Normally I don’t pay a lot of mind to stage set up, but MMJ’s combination of lights actually added a cool visual element to the show. Even the annoying rain, which continued to fall off and on as they performed, glowed nicely off the stage lights and actually managed to look like a cool effect in and of itself.
It was also nice to see a band with enough material to support a two-and-a-half hour show that actually plays for two-and-a-half hours. Sure a 16 or 17 song performance would have quite cool, but everyone would have left knowing there was a lot more music to play (which I guess technically there still was, but this is just splitting hairs). All told, MMJ played 23 songs, and by the time they got to the end (an electric rendition of the Curtis Mayfield tune “Move On Up” featuring Preservation Hall Jazz Band) it felt like a rare show where you got every cent worth.
The closest thing I had to a complaint about the show was simply that my favorite album, The Tennessee Fire, was completely ignored. This is really more of an observation than an actually objection, as I don’t feel any animosity towards the band for not including any of the albums’ tracks, though I will acknowledge hearing “Picture Of You” could have made the show marginally better.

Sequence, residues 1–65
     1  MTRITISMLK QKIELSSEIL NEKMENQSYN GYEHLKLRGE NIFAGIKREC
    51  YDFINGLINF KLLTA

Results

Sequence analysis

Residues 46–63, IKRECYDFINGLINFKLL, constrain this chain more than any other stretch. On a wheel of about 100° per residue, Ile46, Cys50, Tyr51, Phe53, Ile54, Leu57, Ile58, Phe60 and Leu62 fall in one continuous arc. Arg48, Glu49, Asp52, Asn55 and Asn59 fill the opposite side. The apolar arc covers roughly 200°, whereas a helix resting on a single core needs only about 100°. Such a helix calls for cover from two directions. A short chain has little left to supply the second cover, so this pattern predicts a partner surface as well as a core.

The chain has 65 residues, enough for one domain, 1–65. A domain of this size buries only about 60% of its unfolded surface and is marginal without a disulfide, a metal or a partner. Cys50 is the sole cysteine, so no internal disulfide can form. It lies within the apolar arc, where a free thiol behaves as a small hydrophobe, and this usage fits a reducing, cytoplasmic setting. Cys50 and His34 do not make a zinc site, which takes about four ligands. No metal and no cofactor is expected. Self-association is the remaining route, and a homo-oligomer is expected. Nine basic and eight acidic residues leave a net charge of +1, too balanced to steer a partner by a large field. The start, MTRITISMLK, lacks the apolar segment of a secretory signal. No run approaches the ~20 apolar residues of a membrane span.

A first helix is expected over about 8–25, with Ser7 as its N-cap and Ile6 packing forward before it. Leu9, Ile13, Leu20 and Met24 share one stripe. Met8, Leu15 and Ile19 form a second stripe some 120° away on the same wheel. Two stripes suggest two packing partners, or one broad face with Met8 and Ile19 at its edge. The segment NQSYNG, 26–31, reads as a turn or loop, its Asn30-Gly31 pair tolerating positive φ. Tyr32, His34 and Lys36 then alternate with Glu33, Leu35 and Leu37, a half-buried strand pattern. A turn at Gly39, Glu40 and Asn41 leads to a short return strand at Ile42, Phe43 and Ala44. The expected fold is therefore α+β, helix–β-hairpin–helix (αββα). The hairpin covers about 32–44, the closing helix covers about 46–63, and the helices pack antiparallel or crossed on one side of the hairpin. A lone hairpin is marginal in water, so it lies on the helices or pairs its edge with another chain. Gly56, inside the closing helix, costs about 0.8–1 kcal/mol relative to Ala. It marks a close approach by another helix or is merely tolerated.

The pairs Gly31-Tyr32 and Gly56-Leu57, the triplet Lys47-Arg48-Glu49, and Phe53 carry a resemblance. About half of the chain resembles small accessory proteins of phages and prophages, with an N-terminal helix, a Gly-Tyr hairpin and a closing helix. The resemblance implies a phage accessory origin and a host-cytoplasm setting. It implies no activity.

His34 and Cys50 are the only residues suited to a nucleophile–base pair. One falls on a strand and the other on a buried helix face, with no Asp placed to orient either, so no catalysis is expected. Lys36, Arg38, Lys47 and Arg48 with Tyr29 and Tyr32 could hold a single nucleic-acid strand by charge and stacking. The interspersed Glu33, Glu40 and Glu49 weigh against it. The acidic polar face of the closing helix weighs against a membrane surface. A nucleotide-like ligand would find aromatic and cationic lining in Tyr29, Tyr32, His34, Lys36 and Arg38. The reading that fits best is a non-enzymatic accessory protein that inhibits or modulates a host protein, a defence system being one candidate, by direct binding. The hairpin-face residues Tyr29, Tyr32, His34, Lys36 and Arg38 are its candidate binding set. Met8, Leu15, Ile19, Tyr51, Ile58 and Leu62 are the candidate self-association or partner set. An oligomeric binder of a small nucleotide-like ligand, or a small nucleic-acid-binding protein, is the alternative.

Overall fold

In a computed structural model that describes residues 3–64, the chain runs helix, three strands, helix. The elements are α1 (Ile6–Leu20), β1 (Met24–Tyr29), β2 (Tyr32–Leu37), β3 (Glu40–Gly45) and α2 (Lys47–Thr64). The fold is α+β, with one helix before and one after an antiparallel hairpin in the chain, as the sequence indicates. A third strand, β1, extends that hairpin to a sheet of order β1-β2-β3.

This was the first concert I’ve been to in 14 months, and when one goes that long in between shows, he tends to scold himself for not seeing more live music. But then when the opportunity to see arguably the best band in the world right now, it sort of offers validation to my low concert turnout, as it ultimately makes much of the world’s mediocre musical ensembles just seem trivial. For the first time since becoming a super fan of the group, I am not ravaged with guilt for taking so long to realize their brilliance, for then I likely would have seen them prior to Sunday, and few things are better than the first time you get to see a truly amazing band deliver a truly amazing performance.
There was almost something euphoric about the connection the band and its audience on this evening. Even with the shoddy weather, there was overwhelming joy throughout the mid-level Lifestyle Pavillion, which was captured most effectively during “Touch Me I’m Going To Scream Pt. 2.” It’s a trite comparison that I assume has been used in several MMJ live reviews in the past, but one couldn’t help but recognize that as the crowd joined James in bellowing out “oh, this feeling is wonderful, don’t you ever turn it off,” they were all, at that moment, experiencing the same sense of overwhelming pleasure he was trying to express when he wrote the song.
- One Big Holiday
- Off The Record
- I’m Amazed
- Tonite I Want To Celebrate With You
- Where To Begin
- Lay Low
- The Way That He Sings
- Wonderful (The Way I Feel)
- Carried Away
- Smokin’ From Shootin’
- Run Thru (End)
- Touch Me I’m Going To Scream Pt. 2
18. Wordless Chorus
19. Evil Urges
20. Highly Suspicious*
21. Carnival Time (Al Johnson)*
23. Move On Up (Curtis Mayfield)*
Final Score: 9.7/10 (As good as any show I’ve ever been to where this didn’t happen).
*Featuring Preservation Hall Jazz Band